I asked our social worker about this, and she agreed.  We must be vigilent with our post-placement reports.  And this is not only true for families who adopted from Uganda.  It is important that ANY parent who adopts from ANY country comply with the post-reporting laws of that foreign country.

Lack of communication damages the reputation of American prospective adoptive parents. It sends a message that we do not care about their laws, and it causes them to wonder about the well-being of the children we adopt. If we don’t work well with them, we cannot expect them to be sympathetic to us in their lawmaking.  Lack of post-placement communication with the birth-countries of our children could eventually complicate the process for future hopeful adoptive parents. Worse still, it could cause less children to find families.

So please, complete all of your post-placement visits. :-)

I am assuming here that you have an agency who handles the post placement reports for you after each post-placement visit. If that is not the case for you, then you will need to research and find out how to send post-placement reports at the appropriate times and to the appropriate place in your child's birth country.

Sunday, September 4, 2011

Infertility, Adoption, Redemption, and God's Hand in Suffering

This week, my friend sent me a link to the most incredible story I've read in a long time.  It is full of redemption, hope, pain-turned-to-joy, miracles, and the clear hand of God orchestrating every detail so that the heart-aches turned into beauty.  Better yet, it's a true story, and it just happened.  Please go read it.  Every single word will bless and amaze you.

Friday, September 2, 2011

My Week Rocked!

Really, this week couldn't have gotten much better. 
1) Preschool officially kicked off their new school year this Thursday, and Caroline could not have been any more pumped. Which made Amelia pumped.

2) Yesterday, a social worker came to check on Amelia since she has now been home for SIX MONTHS!!! Where does the time go? She is getting so big.  All the moms at preschool are amazed by how she ended the school year as a baby and is returning as a full-blown lanky, confident, stomping-through-rooms-looking-for-fun toddler.  She's 17 months old now.  There's not a baby in the house.  Waaaah.

3) I was one of the lucky few -- (make that 400) -- women to register for the rockin' Created for Care adoption conference that I am chomping at the bit to get to!!!  It is truly nerdy how ready I am for it.  It's not until late January.  Shesh.  Five months. I can't wait!  Yet, I will wait.  They didn't give me a different option.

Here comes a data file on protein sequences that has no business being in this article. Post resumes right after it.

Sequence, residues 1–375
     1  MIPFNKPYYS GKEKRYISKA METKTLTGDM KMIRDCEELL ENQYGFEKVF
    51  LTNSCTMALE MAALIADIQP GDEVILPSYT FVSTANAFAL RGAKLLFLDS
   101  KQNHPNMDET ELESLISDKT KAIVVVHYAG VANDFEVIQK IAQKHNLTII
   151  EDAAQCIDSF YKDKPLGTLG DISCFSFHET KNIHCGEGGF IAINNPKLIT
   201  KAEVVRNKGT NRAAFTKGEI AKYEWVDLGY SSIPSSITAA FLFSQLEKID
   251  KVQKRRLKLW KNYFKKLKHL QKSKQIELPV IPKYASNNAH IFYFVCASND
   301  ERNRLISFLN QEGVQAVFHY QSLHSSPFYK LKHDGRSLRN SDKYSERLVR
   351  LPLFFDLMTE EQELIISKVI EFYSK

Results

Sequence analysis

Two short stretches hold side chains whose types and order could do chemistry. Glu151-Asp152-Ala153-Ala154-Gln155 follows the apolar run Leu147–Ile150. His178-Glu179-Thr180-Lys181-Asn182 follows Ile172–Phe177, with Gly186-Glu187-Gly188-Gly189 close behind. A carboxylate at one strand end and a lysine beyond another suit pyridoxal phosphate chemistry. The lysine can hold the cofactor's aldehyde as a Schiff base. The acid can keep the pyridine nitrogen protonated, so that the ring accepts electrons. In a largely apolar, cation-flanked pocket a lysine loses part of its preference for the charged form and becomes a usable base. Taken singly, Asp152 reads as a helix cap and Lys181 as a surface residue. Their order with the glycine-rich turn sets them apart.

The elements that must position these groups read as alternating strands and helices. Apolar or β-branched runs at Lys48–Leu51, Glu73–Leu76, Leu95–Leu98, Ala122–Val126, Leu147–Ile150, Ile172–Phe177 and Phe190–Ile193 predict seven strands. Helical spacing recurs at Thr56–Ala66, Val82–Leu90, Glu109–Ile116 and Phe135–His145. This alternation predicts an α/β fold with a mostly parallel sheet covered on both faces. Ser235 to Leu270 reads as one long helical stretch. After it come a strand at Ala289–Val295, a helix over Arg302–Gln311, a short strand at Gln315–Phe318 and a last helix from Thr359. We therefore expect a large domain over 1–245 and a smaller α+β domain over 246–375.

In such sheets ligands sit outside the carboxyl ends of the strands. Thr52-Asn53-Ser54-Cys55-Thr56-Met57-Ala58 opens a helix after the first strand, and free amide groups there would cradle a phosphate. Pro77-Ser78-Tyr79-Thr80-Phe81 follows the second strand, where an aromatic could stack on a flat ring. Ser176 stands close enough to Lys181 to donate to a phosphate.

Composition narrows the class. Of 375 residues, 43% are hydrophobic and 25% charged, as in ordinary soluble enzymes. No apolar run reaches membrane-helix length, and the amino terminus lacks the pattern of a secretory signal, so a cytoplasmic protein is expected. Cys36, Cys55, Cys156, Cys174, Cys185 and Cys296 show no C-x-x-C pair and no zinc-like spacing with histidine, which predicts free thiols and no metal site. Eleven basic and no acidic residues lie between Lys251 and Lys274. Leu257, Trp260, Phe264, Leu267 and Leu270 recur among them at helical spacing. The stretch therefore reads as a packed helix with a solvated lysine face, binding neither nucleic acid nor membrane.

4) My precious roommate (didn't know we had a roommate, did ya?) is also on youth staff at our church.  So I get the hook-up on a sweet gig teaching middle school girls' Sunday school this fall.  Oh yeah!  That's what happens when you know peeps in high places, my friends.

My point to this post? My week rocked. Fo sho.  And I didn't even tell you the nitty gritty details of all the other good that God did.  Let's be honest... I'm a whiner. I don't do posts like this often.  If I say it was awesome, then you KNOW it was!

Thursday, September 1, 2011

We're Getting Certified to Foster!

Plug your ears for a moment while I scream in sheer excitement.


"What are you yelling for!?"
Can you tell I’m happy!? I found out today that Brad and I were squeezed into the oh-so-jam-packed FOSTER CARE CERTIFICATION CLASS I’ve been praying with all of my heart to get in to for… umm… 3 days? Is 3 days all? That’s not much of a wait. Which makes it even better. Orphan care stuff usually involves lots of


It feels so good to decide we want something and then POOF! It is granted. For all of the complaining I did over our adoption wait, I feel it’s only fair that I jump up and down a bit over the suddenness of all of this. Ahhh.

Is anyone terrified at the thought of our family with a foster care certification? You're not the only one!
Look at the fear in her eyes! The food in her cheeks! The crumbs on the ... okay, I digress...

We will take ten 3-hour classes on Tuesdays starting September 13. And no, we don’t feel quite ready to foster. But I feel so drawn to the classes that it feels like perhaps God is drawing us to them. I am so excited and expectant. Our current plan is to use our certification to provide respite (babysitting) care for foster families who need a break. We don’t plan to begin full-time fostering… yet.  Just foster-babysitting, aka respite care.

However, I am thankful that, should God call us to full-time fostering, we will be ready. (Can you ever REALLY be ready for that? Scratch the “ready.” We’ll be CERTIFIED.)

Okay, plug your ears one more time.